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Environ Health Perspect. 1994 Sep;102 Suppl 3:27-9.

Evidence for radical species as intermediates in cadmium/zinc-metallothionein-dependent DNA damage in vitro.

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INBIFO Institut für biologische Forschung, Köln, Federal Republic of Germany.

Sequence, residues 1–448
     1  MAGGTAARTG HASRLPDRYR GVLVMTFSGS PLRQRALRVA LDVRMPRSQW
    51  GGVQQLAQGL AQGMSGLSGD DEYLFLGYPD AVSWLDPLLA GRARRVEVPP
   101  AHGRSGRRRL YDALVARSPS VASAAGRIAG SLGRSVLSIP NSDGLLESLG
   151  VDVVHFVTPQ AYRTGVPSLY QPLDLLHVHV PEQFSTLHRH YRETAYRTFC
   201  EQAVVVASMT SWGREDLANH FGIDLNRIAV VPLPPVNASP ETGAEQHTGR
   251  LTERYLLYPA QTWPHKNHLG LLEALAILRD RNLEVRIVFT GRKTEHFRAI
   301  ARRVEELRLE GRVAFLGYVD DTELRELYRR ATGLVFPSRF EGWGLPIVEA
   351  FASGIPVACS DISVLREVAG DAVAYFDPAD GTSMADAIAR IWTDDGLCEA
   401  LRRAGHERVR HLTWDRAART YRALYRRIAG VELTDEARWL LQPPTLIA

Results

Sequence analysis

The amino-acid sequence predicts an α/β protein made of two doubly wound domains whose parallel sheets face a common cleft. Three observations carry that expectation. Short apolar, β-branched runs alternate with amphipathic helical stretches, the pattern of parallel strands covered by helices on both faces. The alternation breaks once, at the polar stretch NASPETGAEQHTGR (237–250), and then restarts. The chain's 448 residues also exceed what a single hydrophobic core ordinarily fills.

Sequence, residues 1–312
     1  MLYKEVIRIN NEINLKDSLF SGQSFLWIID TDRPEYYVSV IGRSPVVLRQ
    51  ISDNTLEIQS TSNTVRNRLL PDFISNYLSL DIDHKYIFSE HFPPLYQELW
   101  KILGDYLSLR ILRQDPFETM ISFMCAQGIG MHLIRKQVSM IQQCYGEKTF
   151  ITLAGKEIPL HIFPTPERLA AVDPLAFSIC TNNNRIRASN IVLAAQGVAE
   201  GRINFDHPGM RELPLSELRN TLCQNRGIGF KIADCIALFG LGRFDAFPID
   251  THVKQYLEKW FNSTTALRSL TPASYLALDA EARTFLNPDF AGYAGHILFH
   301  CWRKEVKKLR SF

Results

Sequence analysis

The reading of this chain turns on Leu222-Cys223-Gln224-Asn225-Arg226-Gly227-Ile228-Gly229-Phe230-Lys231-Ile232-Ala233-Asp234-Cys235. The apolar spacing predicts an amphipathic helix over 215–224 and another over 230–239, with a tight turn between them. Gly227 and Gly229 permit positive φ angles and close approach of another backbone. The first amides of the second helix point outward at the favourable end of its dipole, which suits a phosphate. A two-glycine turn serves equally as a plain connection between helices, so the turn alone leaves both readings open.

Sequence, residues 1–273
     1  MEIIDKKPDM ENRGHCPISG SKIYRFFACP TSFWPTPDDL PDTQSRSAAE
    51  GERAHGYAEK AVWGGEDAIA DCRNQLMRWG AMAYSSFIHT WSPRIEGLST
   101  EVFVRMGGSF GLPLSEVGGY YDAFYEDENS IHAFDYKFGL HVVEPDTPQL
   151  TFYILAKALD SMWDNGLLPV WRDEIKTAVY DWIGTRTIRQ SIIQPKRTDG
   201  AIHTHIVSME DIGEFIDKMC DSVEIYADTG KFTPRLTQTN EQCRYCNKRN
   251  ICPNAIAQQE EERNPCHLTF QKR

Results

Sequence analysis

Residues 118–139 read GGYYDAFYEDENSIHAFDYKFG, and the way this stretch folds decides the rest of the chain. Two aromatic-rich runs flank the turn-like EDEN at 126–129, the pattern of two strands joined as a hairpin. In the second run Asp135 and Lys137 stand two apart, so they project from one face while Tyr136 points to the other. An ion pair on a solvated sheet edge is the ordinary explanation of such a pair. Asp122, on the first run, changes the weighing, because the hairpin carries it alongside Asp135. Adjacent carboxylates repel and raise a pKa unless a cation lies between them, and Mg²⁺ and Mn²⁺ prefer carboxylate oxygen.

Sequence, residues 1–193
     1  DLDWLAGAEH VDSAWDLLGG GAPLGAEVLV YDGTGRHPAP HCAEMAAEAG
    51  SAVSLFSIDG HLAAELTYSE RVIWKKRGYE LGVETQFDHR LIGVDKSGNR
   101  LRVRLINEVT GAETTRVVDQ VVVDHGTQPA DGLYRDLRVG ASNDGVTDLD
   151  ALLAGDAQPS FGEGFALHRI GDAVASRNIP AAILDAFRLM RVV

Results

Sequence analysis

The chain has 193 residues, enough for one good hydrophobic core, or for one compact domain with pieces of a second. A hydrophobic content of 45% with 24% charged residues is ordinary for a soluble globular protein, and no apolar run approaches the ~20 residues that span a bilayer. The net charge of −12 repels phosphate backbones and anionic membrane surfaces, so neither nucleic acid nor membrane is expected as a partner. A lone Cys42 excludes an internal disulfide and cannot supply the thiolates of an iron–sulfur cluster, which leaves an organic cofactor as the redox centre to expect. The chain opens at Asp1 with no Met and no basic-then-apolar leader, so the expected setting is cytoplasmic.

Toxicologic data on cadmium (Cd) indicate that intracellular metallothionein (MT) is protective for Cd exposure, whereas extracellular Cd-containing MT might be toxic. Moreover, Cd is suspected to be a carcinogen though the underlying mechanism is not known. Here we report on the genotoxic activity of cadmium/zinc-metallothionein (Cd/Zn-MT) in a cell-free test system: a concentration-dependent increase in DNA strand breaks was detected with increasing doses of Cd/Zn-MT, whereas no DNA strand breaks were observed in the presence of heat-denatured MT or Cd or Zn ions alone. Modifications of native Cd/Zn-MT by the metal ion-chelating agent EDTA or the sulfhydryl group alkylating agents N-ethylmaleimide and iodoacetamide suggest that the various cysteine residues of MT, together with the attached heavy metal ions, may be involved in the DNA cleavage reaction. Furthermore, DNA strand breaks caused by Cd/Zn-MT seem more likely to be random than sequence- or base-specific. Results from experiments with radical scavengers and electron spin resonance spectroscopy point to radical species formed by Cd/Zn-MT as mediators of the DNA damage. Thus, the actual activity of Cd/Zn-MT--whether protective or damaging--appears to depend on various parameters governed by the extra- and intracellular environment.

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